The TZ90 has an articulated screen that can be turned to be front-facing. This characteristic will be appreciated by vloggers and photographers who are interested in taking selfies. In contrast, the D100 does not have a selfie-screen.

The reported shutter speed information refers to the use of the mechanical shutter. Yet, some cameras only have an electronic shutter, while others have an electronic shutter in addition to a mechanical one. In fact, the TZ90 is one of those camera that have an additional electronic shutter, which makes completely silent shooting possible. However, this mode is less suitable for photographing moving objects (risk of rolling shutter) or shooting under artificial light sources (risk of flickering).

The D100 writes its imaging data to Compact Flash cards, while the TZ90 uses SDXC cards.

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Connectivity comparison

For some imaging applications, the extent to which a camera can communicate with its environment can be an important aspect in the camera decision process. The table below provides an overview of the connectivity of the Nikon D100 and Panasonic Lumix DC-TZ90 and, in particular, the interfaces the cameras (and selected comparators) provide for accessory control and data transfer.

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Input-Output Connections
  Camera
Model
Hotshoe
Port
Internal
Microphone
Internal
Speaker
Microphone
Port
Headphone
Port
HDMI
Port
USB
Port
WiFi
Support
NFC
Support
Bluetooth
Support
 
Nikon D100Y-----1.1---
 
Panasonic TZ90-stereomono--micro2.0Y--
 
Canon SX730-stereomono--micro2.0YYY
 
Canon 10DY-----1.1---
 
Fujifilm XF10-stereomonoY-micro2.0Y-Y
 
Nikon D90Ymonomono--mini2.0---
 
Nikon D300Y----mini2.0---
 
Nikon D40Y-----2.0---
 
Nikon D80Y-----2.0---
 
Nikon D50Y-----2.0---
 
Nikon D70sY-----2.0---
 
Nikon D200Y-----2.0---
 
Nikon D70Y-----1.0---
 
Nikon D1XY-----FW---
 
Panasonic TZ95-stereomono--micro2.0Y-Y
 
Panasonic FT7-stereomono--micro2.0Y--
 
Panasonic LX5Ymonomono--mini2.0---

It is notable that the D100 has a hotshoe, while the TZ90 does not. This socket makes it possible to easily attach optional accessories, such as an external flash gun.

Both the D100 and the TZ90 have been discontinued, but can regularly be found used on eBay. The D100 was replaced by the Nikon D200, while the TZ90 was followed by the Panasonic TZ95. Further information on the two cameras (e.g. user guides, manuals), as well as related accessories, can be found on the official Nikon and Panasonic websites.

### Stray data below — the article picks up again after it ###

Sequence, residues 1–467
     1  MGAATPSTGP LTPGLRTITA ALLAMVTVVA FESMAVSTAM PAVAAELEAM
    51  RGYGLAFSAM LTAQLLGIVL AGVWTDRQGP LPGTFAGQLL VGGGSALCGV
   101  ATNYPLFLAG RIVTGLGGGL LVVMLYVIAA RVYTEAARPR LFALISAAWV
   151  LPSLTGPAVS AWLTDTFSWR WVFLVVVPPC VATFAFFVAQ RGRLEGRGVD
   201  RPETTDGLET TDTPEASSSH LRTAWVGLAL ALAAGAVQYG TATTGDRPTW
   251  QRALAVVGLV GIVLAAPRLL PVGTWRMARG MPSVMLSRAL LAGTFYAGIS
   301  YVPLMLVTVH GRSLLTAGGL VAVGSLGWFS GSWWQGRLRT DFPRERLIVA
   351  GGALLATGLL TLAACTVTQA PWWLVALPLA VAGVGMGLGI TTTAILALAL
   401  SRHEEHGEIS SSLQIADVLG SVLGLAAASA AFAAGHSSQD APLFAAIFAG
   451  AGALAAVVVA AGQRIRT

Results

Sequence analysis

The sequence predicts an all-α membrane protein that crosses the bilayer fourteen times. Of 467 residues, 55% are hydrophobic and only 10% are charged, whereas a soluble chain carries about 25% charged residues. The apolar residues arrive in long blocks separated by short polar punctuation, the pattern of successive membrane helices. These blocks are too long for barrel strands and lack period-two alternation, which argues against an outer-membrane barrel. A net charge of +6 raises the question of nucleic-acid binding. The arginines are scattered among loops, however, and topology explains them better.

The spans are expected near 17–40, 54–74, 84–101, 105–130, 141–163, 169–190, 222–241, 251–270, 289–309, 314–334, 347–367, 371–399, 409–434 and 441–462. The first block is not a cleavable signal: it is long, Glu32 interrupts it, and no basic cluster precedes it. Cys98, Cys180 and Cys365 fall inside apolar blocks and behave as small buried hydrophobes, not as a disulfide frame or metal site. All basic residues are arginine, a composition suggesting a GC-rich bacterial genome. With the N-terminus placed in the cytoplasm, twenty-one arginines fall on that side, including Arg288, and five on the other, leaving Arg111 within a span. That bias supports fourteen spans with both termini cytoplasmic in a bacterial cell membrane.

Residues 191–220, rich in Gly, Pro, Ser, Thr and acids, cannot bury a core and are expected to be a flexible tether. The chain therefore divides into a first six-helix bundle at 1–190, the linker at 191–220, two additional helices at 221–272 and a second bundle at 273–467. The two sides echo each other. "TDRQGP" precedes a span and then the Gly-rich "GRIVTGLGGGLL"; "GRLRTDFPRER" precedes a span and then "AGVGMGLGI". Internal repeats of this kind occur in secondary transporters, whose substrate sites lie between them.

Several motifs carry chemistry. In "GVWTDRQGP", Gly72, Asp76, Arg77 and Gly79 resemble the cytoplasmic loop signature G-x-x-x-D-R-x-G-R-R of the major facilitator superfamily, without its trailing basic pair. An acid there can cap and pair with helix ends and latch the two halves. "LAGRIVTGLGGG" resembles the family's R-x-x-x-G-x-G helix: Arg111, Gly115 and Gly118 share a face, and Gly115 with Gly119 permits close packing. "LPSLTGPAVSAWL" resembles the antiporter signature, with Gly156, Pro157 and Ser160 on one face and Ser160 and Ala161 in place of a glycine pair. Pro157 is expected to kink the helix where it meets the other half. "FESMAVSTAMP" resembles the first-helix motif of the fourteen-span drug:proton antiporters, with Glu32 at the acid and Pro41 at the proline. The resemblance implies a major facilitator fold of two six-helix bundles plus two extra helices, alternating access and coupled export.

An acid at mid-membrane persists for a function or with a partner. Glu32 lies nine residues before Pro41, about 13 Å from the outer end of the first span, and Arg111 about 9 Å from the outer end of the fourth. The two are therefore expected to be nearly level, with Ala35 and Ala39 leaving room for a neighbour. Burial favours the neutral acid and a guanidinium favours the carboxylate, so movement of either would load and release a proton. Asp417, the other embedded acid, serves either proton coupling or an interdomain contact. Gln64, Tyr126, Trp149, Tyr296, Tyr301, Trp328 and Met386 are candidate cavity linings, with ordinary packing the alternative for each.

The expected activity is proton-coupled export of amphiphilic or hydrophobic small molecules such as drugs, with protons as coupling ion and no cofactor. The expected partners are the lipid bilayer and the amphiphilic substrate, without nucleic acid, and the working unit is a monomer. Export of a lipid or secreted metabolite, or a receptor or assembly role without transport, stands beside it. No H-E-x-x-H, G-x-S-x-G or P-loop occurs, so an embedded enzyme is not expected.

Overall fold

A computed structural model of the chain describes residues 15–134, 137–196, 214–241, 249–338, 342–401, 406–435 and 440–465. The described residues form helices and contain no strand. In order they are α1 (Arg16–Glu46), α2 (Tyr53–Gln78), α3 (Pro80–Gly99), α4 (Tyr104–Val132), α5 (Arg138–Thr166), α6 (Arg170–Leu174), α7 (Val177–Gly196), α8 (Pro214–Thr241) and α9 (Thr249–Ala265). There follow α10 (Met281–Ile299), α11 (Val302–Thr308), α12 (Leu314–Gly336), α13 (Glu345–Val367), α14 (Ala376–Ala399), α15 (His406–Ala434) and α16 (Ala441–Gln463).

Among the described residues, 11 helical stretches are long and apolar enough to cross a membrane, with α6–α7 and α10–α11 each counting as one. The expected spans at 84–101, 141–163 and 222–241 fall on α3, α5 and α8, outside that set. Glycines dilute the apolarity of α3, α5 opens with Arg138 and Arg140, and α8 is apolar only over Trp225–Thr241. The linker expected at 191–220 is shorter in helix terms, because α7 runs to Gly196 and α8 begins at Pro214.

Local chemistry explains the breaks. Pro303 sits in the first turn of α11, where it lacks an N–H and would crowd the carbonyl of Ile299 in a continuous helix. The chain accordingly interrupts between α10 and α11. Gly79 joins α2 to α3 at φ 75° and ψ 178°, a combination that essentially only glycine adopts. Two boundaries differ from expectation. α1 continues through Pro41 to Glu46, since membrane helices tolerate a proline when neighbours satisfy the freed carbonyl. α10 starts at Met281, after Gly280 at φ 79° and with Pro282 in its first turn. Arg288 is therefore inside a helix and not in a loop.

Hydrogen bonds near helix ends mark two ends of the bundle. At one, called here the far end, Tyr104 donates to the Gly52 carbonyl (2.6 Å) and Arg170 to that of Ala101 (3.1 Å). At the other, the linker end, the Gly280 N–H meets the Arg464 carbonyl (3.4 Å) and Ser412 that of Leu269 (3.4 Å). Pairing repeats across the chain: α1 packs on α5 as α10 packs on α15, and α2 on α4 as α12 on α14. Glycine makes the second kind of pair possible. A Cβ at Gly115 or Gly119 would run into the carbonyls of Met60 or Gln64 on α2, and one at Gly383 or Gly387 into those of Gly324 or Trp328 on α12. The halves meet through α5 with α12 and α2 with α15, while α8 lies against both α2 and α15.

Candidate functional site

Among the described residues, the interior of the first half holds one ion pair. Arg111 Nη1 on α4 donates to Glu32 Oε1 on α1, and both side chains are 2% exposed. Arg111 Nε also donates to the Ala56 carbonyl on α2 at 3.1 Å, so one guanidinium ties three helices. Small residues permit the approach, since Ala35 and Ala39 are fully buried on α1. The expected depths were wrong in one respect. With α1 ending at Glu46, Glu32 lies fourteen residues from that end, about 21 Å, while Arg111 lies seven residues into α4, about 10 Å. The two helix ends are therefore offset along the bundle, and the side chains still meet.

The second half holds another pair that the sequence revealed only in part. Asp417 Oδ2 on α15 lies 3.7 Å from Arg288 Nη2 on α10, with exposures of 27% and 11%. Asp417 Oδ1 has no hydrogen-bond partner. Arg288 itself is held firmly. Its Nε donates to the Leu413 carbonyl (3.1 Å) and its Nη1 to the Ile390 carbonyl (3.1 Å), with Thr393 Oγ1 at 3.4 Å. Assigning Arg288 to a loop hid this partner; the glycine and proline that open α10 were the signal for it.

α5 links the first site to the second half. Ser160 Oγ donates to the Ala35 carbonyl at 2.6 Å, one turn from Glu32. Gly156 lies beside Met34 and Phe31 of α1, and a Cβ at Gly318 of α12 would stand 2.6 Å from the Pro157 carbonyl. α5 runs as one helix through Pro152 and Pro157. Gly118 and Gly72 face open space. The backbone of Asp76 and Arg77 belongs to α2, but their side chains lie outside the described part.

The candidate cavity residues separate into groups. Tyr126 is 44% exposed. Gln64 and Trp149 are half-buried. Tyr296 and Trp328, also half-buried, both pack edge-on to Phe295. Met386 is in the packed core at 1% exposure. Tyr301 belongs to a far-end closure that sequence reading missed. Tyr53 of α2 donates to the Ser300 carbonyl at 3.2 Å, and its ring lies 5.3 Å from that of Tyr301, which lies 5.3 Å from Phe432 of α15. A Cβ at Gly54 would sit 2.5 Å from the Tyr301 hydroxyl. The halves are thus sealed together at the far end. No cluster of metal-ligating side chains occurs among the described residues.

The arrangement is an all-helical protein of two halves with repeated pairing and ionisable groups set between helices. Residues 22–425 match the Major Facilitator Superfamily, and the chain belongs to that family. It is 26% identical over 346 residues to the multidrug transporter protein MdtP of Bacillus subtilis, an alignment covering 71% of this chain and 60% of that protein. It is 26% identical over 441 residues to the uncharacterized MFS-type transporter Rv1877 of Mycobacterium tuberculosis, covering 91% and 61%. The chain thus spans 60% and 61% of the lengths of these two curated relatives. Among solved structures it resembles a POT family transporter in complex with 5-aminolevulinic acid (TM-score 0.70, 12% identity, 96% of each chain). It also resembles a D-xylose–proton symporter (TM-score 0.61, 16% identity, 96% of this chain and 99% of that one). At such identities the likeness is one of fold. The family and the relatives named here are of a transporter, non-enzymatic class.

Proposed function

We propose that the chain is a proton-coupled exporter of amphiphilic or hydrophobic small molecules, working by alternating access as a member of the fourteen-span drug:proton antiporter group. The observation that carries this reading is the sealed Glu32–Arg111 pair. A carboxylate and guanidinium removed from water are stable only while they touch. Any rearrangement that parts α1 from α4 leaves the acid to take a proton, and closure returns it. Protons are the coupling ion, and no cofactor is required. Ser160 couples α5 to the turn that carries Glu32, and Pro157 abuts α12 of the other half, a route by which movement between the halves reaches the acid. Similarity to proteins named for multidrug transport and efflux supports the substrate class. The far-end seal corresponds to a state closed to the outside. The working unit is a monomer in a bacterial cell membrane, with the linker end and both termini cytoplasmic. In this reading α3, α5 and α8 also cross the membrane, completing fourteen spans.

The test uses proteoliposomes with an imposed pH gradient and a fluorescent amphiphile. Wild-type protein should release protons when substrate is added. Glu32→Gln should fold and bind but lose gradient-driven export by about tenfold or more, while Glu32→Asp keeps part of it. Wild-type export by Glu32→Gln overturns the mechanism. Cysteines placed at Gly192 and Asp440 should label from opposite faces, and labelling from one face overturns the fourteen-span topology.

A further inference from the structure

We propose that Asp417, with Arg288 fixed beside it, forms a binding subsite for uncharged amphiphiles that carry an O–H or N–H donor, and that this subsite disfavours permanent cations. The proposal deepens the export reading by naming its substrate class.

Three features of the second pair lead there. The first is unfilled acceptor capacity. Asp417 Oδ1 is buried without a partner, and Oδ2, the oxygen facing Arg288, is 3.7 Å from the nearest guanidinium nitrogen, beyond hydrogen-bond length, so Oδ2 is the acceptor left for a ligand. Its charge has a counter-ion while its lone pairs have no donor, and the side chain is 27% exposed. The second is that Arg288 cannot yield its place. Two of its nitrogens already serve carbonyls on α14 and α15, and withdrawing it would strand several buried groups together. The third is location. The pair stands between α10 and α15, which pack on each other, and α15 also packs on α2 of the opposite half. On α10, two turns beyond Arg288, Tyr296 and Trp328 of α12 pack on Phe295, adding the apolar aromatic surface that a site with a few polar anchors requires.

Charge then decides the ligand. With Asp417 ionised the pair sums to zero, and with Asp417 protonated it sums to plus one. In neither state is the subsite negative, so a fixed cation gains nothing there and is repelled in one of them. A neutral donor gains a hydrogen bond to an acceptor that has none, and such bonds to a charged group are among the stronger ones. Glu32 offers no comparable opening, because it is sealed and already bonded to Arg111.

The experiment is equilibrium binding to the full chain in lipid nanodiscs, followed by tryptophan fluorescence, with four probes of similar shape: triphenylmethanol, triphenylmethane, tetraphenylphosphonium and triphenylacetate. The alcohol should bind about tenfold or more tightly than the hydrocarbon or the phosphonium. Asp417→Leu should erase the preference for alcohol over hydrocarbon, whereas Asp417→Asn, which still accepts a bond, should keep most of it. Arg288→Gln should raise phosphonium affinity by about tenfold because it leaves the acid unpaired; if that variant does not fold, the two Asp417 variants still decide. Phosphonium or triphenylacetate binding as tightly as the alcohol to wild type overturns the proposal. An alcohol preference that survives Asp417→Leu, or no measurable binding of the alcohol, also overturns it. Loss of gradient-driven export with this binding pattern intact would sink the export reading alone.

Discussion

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Review summary

So what conclusions can be drawn? Is the Nikon D100 better than the Panasonic TZ90 or vice versa? Below is a summary of the relative strengths of each of the two contestants.

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Arguments in favor of the Nikon D100:

  • Better moiré control: Has an anti-alias filter to avoid artificial patterns to appear in images.
  • Better image quality: Features bigger pixels on a larger sensor for higher quality imaging.
  • Richer colors: The pixel size advantage translates into images with better, more accurate colors.
  • More dynamic range: Larger pixels capture a wider spectrum of light and dark details.
  • Better low-light sensitivity: Larger pixels means good image quality even under poor lighting.
  • Brighter framing: Features an optical viewfinder for clear, lag-free composition.
  • Larger viewfinder image: Features a viewfinder with a higher magnification (0.53x vs 0.46x).
  • Easier setting verification: Features an LCD display on top to control shooting parameters.
  • Faster shutter: Has higher mechanical shutter speed (1/4000s vs 1/2000s) to freeze action.
  • More flexible: Can take a variety of interchangeable lenses, including specialty optics.
  • Better lighting: Features a hotshoe and can thus hold and trigger an external flash gun.
  • More heavily discounted: Has been available for much longer (launched in February 2002).

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Advantages of the Panasonic Lumix DC-TZ90:

  • More detail: Has more megapixels (20.2 vs 6MP), which boosts linear resolution by 79%.